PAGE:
Saturday, November 12, 2005

Apple #124: Some Non-Fiction Movie Trivia


Someone I work with is from Australia. She and I were talking at lunch today about Australian movies that we both like. Rabbit-Proof Fence was the first one we talked about. If you haven't seen it, I highly recommend it. Two aboriginal girls are taken from their families by government folks and placed in an orphanage/school run by whites. The girls escape and try to get home, across miles and miles of desert-bush land. It's based on a true story (the movie shows the girls, grown up to old women now, at the end), and it's jaw-dropping what lengths they have to go to to get home.

We also talked about Walkabout, a similar movie released years ago. In that movie, two kids are stranded in the bush and they meet an Aborigine, who helps them get home.

Then I remembered another movie I'd seen on TV, started partway through, and so didn't know the name of it. There was a girl, in constant conflict with her domineering mother. They lived on some sort of farm, or ranch or something, and the mom believed, like everyone else did, that this place required their lives. There was also a boyfriend, and arguments about going off to college. My Australian friend didn't know what this movie was either.

Turns out, the movie was called The Road from Coorain. It's based on a book of the same title. In it, the farm I thought I remembered was a sheep ranch, the mother is described by as "emotionally dependent, recently widowed," and the girl leaves the ranch for school in Sydney. The girl, Jill Ker Conway, grew up to become the first woman president of Smith College, and went on to teach at MIT. She wrote the book about her own life.

In the movie, Juliet Stevenson plays the mother. I've seen her in other Masterpiece Theatre performances, and she always does such a great job with the passive-agressive, messed-up women. I can't decide now whether I want to read the book or see the movie again.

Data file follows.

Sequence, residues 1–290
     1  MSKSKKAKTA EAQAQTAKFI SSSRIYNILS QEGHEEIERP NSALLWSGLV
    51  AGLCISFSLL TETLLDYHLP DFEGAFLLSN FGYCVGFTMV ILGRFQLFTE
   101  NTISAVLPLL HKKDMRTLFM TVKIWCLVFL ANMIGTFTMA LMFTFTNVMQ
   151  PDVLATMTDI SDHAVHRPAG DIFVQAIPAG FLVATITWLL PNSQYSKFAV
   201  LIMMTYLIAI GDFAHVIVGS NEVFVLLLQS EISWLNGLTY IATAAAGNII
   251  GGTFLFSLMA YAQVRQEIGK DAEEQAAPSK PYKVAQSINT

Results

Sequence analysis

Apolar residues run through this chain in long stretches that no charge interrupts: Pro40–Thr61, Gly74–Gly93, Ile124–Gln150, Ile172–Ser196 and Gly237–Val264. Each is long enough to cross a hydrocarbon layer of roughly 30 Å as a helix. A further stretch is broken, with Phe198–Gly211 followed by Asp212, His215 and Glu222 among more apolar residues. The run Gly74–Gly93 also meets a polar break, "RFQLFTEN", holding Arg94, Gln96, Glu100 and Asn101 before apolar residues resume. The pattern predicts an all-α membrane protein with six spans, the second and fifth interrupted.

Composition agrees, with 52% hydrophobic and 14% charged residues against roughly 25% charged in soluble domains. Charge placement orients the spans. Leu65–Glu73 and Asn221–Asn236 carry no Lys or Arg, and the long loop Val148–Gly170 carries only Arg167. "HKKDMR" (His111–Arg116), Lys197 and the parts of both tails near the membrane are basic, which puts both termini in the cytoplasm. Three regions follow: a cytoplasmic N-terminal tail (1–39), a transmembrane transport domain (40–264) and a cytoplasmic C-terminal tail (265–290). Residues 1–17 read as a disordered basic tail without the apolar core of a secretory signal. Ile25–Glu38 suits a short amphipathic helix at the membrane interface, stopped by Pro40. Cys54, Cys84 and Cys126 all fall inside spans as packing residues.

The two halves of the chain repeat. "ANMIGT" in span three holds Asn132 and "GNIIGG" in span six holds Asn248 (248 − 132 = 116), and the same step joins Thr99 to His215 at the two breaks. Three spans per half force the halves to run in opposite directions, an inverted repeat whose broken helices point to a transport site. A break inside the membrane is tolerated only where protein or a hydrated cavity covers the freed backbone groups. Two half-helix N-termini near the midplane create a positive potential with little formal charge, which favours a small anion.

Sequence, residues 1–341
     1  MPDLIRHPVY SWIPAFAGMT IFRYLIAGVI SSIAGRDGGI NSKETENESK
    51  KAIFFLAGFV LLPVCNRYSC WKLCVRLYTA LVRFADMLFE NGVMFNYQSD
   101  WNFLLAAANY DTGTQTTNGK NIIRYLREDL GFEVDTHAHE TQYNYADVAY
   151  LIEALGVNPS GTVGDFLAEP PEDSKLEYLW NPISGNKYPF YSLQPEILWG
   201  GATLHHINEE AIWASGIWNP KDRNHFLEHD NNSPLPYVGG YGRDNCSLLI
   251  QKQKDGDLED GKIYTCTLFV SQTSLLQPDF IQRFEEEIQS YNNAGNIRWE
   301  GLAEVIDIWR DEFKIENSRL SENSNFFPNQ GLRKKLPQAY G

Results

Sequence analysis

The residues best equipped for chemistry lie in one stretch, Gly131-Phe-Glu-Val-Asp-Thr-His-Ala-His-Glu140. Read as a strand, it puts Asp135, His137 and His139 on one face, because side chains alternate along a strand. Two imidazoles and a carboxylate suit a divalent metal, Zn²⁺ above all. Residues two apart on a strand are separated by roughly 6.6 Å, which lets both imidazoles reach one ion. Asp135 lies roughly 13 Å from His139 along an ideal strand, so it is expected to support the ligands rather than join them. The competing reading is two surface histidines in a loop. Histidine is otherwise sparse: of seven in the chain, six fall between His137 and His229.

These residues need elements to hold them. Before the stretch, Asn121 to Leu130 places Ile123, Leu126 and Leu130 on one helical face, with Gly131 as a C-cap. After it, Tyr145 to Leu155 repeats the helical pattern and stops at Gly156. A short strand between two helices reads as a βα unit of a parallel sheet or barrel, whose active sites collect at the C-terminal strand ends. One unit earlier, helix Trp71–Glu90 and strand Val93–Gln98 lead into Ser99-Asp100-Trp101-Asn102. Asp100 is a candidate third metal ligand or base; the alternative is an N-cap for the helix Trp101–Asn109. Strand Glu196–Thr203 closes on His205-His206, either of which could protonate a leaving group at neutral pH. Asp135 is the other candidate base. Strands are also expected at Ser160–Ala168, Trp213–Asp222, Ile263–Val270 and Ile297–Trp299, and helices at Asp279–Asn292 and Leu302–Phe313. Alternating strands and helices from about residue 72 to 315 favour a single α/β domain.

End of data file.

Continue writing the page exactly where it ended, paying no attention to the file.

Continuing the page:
Last night I went to see the recently released Capote. Philip Seymour Hoffman is so good I forgot I was watching an actor, and the movie itself is wrenching and brilliant.

In the movie, Truman's lover's name is Jack. Nobody ever says his last name. Jack announces at one point in the movie that he has just completed a novel. I recognized a lot of famous people hanging out with Truman, but I didn't know who Jack was. So I decided to look him up. It took quite a bit of searching before I found anything more about him than that his name was Jack Dunphy and he was Truman's partner for years.

Turns out, he had written a novel called John Fury: A Novel in Four Parts just before he met Capote in 1948. After they became an item, he wrote at least two more novels: Friends and Vague Lovers, and Nightmovers. One website said that Capote helped him get these novels published. Dunphy also wrote plays, three of them: Light a Penny Candle, Cafe' Moon, and Too Close for Comfort.

This is the kind of guy I feel bad for. He did the work. He wrote, and he got his stuff published. Not just once but again and again. But now, fifty years later, nobody remembers his writing at all. People know his name only because he was a famous guy's main squeeze. The last thing Dunphy published was Dear Genius: A Memoir of My Life With Truman Capote.

I know this information about Jack Dunphy is recorded elsewhere, in places probably much more official and lasting than this website. But still. It can't hurt to have it noted, just one more time, who Jack Dunphy was and that he was a writer and these were the things he wrote: John Fury, Friends and Vague Lovers, Light a Penny Candle, Cafe' Moon, Too Close for Comfort. And sure, to be complete about it, Dear Genius.

Masterpiece Theatre - The Road from Coorain, The Road from Coorain
IMDB, The Road from Coorain
National Women's History Project, Biography Center, Jill Ker Conway
Emanuel Levy's Film Comment, Truman Capote: Everything You Need to Know, Playwrights, Jack Dunphy
Daniel Mendelsohn, The New York Review of Books, "The Truman Show" -- if you want to know what a masterfully-written review looks like, read this.

1 comment:

  1. I seem to recall you liked Gallipoli as well.


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